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Obama visits with survivors and families in Orlando

Journal Staff Report | 6/20/2016, noon
Full Text of Remarks by President Barack Obama on June 16, 2016.
President Barack Obama and Vice President Joe Biden place flowers at a makeshift memorial for the victims of the mass shooting in Orlando, Fla. (Official White House Photo by Pete Souza)

We're going to do all that. Our resolve is clear. But given the fact that the last two terrorist attacks on our soil -- Orlando and San Bernardino -- were homegrown, carried out it appears not by external plotters, not by vast networks or sophisticated cells, but by deranged individuals warped by the hateful propaganda that they had seen over the Internet, then we’re going to have to do more to prevent these kinds of events from occurring. It's going to take more than just our military. It's going to require more than just our intelligence teams. As good as they are, as dedicated as they are, as focused as they are, if you have lone wolf attacks like this, hatched in the minds of a disturbed person, then we're going to have to take different kinds of steps in order to prevent something like this from happening.

Those who were killed and injured here were gunned down by a single killer with a powerful assault weapon. The motives of this killer may have been different than the mass shooters in Aurora or Newtown, but the instruments of death were so similar. And now, another 49 innocent people are dead. Another 53 are injured. Some are still fighting for their lives. Some will have wounds that will last a lifetime. We can't anticipate or catch every single deranged person that may wish to do harm to his neighbors, or his friends, or his coworkers, or strangers. But we can do something about the amount of damage that they do. Unfortunately, our politics have conspired to make it as easy as possible for a terrorist or just a disturbed individual like those in Aurora and Newtown to buy extraordinarily powerful weapons -- and they can do so legally.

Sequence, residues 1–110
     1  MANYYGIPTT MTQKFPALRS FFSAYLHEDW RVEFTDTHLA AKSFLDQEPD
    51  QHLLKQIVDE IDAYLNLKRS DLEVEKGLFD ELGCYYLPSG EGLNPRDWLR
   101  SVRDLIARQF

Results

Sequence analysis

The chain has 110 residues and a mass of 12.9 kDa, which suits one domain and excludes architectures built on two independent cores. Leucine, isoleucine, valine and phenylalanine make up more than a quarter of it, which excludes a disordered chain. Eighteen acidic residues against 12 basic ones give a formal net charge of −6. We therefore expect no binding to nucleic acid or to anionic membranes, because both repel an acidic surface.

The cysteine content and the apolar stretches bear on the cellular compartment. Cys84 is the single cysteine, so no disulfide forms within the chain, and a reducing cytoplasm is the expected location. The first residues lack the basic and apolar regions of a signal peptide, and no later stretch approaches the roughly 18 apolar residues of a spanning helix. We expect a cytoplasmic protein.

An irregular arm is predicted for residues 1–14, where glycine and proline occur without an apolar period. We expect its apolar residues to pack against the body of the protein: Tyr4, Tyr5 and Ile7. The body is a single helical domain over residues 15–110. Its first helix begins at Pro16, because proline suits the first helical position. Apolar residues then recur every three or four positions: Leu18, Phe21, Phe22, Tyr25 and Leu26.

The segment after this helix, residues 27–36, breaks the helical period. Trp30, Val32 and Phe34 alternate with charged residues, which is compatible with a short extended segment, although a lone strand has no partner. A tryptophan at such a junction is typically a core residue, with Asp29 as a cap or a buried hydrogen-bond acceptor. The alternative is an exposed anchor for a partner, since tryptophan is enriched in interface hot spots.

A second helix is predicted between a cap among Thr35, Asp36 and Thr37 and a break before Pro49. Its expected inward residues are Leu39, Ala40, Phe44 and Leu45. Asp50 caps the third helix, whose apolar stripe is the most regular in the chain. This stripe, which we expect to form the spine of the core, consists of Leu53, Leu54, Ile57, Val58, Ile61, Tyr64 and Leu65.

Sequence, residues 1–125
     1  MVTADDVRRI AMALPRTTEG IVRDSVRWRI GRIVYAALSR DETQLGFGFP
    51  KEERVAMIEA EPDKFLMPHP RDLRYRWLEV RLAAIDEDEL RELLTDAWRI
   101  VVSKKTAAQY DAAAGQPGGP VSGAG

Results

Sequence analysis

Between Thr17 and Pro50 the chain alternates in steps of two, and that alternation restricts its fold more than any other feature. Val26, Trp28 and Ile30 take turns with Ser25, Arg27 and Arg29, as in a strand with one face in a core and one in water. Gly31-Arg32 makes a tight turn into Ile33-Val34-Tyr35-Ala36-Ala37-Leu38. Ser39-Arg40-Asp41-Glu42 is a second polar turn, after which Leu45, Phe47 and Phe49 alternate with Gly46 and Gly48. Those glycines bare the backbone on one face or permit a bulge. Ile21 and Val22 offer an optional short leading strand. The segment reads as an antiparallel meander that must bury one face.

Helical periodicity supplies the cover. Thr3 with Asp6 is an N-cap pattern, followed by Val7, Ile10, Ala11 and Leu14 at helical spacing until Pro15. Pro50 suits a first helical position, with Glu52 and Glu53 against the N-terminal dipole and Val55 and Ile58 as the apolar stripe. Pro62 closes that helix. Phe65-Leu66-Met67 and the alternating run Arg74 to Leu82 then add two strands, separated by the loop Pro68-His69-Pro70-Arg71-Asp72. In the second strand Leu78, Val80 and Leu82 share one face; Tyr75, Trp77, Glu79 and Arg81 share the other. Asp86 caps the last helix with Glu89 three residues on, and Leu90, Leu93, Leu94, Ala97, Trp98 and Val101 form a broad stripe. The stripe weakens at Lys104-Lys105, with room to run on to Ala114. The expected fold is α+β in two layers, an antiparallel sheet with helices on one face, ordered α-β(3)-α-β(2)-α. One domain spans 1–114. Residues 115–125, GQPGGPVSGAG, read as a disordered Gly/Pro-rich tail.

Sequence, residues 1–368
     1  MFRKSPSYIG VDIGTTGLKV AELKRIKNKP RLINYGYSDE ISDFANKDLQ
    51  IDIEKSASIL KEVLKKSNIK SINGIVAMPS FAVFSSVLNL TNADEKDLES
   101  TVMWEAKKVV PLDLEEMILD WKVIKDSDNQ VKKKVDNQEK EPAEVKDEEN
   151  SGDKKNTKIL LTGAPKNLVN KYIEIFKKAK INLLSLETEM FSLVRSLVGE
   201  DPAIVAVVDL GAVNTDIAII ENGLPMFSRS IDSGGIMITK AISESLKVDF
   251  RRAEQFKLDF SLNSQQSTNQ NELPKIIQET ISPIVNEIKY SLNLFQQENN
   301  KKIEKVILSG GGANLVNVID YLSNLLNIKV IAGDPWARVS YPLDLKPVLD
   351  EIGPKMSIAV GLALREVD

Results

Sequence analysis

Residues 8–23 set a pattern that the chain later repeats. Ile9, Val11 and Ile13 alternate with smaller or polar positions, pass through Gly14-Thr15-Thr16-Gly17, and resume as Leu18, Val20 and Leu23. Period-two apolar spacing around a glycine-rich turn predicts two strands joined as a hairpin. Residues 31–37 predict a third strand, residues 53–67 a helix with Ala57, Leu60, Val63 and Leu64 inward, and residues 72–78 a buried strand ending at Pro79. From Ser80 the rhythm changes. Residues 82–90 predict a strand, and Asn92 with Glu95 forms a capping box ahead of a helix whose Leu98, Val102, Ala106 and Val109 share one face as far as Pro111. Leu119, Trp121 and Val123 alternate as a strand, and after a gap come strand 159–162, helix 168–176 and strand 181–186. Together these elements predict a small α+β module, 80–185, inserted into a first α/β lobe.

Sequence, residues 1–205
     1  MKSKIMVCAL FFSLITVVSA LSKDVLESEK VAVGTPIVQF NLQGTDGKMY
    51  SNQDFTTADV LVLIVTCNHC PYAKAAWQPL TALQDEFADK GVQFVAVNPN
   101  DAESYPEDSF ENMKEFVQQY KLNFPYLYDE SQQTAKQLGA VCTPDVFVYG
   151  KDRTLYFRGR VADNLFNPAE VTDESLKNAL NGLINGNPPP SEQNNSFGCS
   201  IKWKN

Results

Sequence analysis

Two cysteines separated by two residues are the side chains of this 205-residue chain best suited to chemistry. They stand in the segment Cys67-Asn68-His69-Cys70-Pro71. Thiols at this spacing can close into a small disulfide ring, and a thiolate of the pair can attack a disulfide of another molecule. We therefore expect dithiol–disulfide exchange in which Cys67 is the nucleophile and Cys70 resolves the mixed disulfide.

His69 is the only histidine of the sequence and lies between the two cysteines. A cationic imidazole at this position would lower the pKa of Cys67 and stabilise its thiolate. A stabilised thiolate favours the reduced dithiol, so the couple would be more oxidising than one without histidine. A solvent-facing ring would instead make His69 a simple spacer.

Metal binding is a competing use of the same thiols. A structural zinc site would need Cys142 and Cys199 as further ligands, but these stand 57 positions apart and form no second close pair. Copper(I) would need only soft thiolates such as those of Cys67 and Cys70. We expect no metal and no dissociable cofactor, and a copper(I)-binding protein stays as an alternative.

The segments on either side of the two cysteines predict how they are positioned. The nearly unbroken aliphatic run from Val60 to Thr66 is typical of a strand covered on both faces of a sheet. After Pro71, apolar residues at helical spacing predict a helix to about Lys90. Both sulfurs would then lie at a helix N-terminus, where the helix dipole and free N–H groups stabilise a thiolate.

Today, once again, as has been true too many times before, I held and hugged grieving family members and parents, and they asked, why does this keep happening? And they pleaded that we do more to stop the carnage. They don’t care about the politics. Neither do I. Neither does Joe. And neither should any parent out there who’s thinking about their kids being not in the wrong place, but in places where kids are supposed to be.

This debate needs to change. It’s outgrown the old political stalemates. The notion that the answer to this tragedy would be to make sure that more people in a nightclub are similarly armed to the killer defies common sense. Those who defend the easy accessibility of assault weapons should meet these families and explain why that makes sense. They should meet with the Newtown families -- some of whom Joe saw yesterday -- whose children would now be finishing fifth grade -- on why it is that we think our liberty requires these repeated tragedies. That's not the meaning of liberty.

I’m pleased to hear that the Senate will hold votes on preventing individuals with possible terrorist ties from buying guns, including assault weapons. I truly hope that senators rise to the moment and do the right thing. I hope that senators who voted no on background checks after Newtown have a change of heart. And then I hope the House does the right thing, and helps end the plague of violence that these weapons of war inflict on so many young lives.